DEAN v. KRAUSE.
This is an appeal by defendant Krause from a judgment in favor of plaintiff Dean arising out of an alleged sale of lumber by plaintiff to defendant.
Plaintiff's complaint alleged four causes of action. The first three were the usual common counts and the fourth alleged a written contract. Defendant's answer denied generally the allegations of the complaint, and as an affirmative defense alleged that defendant had instituted bankruptcy proceedings which were then pending and that the claim was dischargeable in said proceedings.
The record shows that Krause operated a lumber yard in the City of Lodi. During the month of November, 1949, two carloads of lumber were delivered to him by Dean pursuant to an order placed by Krause with one Medock, who in turn had placed the order with Dean. Medock was a dealer in wholesale lumber with whom Krause had done business previously. Medock acted as a commission salesman and buyer for Dean as well as for a number of other lumber companies.
When defendant placed the order with Medock he was told that the lumber might come from any one of the companies represented by Medock. Thereafter on several occasions Medock, according to his testimony, talked to Krause on the phone as well as personally at the lumber yard as to when payment would be made to Dean, but Krause always stalled for time. At no time however did defendant deny his responsibility for the lumber so purchased. Subsequently Krause wrote a letter to Medock wherein he stated in part, ‘* * * I am trying to put a loan on my yards so I can pay off Dean soon.’ Krause was adjudicated a bankrupt, subsequently, and his business was transferred to his son. Approximately six months after the delivery of the lumber the son was likewise adjudicated a bankrupt, and in his schedule of debts he listed the amount here in issue as a debt owing by him to Dean.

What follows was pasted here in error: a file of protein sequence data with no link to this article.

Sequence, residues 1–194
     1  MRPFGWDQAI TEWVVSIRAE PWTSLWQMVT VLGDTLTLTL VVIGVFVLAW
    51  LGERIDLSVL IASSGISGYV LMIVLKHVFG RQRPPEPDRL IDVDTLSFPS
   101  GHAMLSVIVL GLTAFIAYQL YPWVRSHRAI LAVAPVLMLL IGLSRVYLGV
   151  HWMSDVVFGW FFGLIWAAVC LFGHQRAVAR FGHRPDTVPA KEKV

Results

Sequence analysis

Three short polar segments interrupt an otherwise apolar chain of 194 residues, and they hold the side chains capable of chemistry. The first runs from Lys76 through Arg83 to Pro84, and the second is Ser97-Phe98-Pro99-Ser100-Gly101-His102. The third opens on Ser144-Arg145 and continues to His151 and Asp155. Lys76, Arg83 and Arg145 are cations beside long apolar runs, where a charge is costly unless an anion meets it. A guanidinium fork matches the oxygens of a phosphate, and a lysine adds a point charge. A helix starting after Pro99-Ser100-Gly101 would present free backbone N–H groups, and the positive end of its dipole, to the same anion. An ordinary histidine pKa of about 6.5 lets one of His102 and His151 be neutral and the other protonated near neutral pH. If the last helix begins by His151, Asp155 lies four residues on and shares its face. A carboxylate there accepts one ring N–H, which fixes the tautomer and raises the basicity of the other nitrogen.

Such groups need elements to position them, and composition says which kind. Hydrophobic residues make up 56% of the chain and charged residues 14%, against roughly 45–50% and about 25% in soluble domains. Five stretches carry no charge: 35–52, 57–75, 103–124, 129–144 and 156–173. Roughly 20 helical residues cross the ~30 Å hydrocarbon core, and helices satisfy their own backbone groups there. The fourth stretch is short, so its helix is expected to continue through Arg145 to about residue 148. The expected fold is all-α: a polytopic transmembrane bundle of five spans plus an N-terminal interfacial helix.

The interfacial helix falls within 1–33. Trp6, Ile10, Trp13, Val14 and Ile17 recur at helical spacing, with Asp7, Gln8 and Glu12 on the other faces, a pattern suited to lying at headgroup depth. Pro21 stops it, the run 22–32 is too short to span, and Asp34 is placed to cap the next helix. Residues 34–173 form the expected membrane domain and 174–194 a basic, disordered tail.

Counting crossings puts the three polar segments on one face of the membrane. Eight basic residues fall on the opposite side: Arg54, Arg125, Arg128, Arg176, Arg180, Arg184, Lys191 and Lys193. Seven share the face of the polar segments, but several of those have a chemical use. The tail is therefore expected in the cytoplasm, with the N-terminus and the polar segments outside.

Upon the evidence so summarized the court found that Krause was indebted to Dean in the amount alleged and that said sum was not a claim discharged in the bankruptcy proceedings of defendant. The sole contention on appeal is that Dean was not a proper party to the action since the sale, if any, was made by Medock acting in his own capacity and not by Dean.
The record discloses ample evidence to sustain the finding and judgment of the trial court. Not alone was there direct evidence that Medock was acting as agent for Dean, but also there was substantial evidence that Krause recognized Dean as creditor—his conversations with Medock, and his letter to him. Even if it be assumed that at the outset Dean was not the real party in interest, the subsequent conduct of Krause ratified the alleged agreement. Civil Code, § 2307.
The judgment is affirmed.
VAN DYKE, P. J., and SCHOTTKY, J., concur.